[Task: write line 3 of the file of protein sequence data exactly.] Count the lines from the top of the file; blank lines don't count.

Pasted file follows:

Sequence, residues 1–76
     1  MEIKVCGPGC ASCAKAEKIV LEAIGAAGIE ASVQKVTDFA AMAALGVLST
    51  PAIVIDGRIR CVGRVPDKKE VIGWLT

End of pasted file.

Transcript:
    51  PAIVIDGRIR CVGRVPDKKE VIGWLT